September on the Farm (2023)

Vintage Ploughing Match in Sulgrave 2016

Richard Fonge writes:

The wonderful sunny weather of early September has allowed this years harvest to be completed in our area. With the sun following the rains of August, everything is growing as you will be aware in the regularity of the lawn mowing.

Oil seed rape has been planted in the field by Park lane, and has germinated and established itself. It is vital that oil seed rape has established itself by mid September as it can be attacked by the flea beetle, and of course pigeons later in the winter.

On the Stuchbury footpath can be seen a tremendous plant of wild white clover. How has this come about? When the grass was sown a few years back, it was a perennial ryegrass dominant mixture of grasses with wild white clover. Clover can produce its own nitrogen through its root nodules, so if you manage the grass by putting only a small amount of artificial nitrogen fertiliser on to stimulate growth in the spring and graze tightly with stock, (in this case sheep,) the clover will flourish as can been seen here.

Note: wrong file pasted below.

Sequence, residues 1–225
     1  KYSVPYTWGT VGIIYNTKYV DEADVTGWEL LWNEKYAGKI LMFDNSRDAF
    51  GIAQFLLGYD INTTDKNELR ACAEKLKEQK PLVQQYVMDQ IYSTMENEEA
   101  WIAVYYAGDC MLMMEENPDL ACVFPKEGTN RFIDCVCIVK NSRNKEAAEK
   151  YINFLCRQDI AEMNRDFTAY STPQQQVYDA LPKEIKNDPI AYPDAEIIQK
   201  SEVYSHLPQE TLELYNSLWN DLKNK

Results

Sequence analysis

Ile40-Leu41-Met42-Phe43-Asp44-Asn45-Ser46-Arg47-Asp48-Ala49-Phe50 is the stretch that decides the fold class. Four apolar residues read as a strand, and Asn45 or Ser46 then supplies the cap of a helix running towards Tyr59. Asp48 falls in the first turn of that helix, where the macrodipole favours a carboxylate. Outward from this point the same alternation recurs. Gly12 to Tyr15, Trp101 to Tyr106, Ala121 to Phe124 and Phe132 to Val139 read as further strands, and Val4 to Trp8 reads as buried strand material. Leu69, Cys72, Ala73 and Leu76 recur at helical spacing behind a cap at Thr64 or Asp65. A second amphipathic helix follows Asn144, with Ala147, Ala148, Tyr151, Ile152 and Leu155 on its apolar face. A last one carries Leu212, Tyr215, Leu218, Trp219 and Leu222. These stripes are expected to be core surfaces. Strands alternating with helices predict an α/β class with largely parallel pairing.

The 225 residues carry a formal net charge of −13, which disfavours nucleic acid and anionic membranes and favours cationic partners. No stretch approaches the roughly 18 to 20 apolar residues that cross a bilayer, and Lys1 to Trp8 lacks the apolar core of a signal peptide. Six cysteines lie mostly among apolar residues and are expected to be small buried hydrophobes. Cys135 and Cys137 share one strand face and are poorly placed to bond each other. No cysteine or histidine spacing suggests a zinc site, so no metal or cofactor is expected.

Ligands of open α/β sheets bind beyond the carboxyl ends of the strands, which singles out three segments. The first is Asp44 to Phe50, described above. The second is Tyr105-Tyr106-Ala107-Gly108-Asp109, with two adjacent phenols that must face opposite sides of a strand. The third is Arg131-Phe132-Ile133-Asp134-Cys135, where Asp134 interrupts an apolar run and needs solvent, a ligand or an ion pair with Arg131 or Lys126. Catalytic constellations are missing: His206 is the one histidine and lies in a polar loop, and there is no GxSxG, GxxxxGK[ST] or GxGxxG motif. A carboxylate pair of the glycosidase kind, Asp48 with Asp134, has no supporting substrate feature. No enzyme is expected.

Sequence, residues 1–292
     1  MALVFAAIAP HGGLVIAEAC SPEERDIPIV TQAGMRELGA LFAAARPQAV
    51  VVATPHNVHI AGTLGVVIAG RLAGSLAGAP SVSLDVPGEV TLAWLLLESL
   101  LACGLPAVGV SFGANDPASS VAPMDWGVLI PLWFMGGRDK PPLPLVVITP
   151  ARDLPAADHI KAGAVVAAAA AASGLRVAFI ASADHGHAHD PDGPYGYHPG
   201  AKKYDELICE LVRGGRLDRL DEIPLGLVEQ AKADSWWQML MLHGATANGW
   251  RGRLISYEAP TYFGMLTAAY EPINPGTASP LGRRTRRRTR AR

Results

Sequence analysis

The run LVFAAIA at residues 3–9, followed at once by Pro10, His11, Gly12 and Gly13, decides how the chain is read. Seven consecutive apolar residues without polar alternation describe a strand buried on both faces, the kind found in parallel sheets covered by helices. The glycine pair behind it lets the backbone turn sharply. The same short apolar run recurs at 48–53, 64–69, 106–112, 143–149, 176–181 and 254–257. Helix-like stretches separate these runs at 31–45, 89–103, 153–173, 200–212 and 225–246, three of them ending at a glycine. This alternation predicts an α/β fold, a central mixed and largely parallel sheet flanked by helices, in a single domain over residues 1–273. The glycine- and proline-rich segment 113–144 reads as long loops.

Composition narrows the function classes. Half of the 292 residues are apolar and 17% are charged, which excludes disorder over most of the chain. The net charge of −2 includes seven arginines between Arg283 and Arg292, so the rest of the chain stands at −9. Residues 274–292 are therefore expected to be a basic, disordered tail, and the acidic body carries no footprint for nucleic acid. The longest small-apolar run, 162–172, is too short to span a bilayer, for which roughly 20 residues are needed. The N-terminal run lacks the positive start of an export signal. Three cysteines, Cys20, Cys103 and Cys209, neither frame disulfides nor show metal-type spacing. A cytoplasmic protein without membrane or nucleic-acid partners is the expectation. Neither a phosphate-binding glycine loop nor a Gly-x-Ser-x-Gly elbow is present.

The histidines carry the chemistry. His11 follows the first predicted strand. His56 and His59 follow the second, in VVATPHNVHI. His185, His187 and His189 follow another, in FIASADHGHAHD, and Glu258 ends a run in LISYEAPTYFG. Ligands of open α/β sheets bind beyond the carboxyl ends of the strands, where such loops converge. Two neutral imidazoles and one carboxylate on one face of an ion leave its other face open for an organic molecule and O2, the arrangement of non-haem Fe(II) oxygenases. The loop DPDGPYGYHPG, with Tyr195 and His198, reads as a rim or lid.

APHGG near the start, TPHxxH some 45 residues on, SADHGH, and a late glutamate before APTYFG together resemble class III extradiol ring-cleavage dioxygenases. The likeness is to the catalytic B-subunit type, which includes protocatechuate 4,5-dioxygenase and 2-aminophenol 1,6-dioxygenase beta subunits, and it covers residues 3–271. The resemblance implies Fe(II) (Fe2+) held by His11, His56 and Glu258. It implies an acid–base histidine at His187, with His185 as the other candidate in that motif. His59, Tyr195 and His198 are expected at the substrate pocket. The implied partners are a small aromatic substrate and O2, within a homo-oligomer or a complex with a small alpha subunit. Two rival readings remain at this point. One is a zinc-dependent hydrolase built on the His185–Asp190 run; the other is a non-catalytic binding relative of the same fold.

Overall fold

The top half of this field had a crop of wheat this year which also benefited from residual nitrogen left by the previous crop of beans. Another legume. A rotation of cropping is vital for plant health, with each crop complimentary to the other.

 You will see less ploughing of the land in the future as direct drilling and minimal cultivation systems become the norm. These systems reduce carbon footprints and fuel consumption. The plough still has a part to play in the cultivation of the land albeit to a lesser degree. However the skill of ploughing is kept alive by vintage machinery clubs and others. We owe them a great debt in that they restore old tractors and use them in the many competitive ploughing matches they hold during the year. By doing so they keep alive the past and remind us of how far we have come in machinery development over the last seventy years.

This completes six years of monthly notes, describing what is happening in the countryside surrounding our lovely village of Sulgrave. We are just so fortunate to live in what is to me a great community.

Richard Fonge


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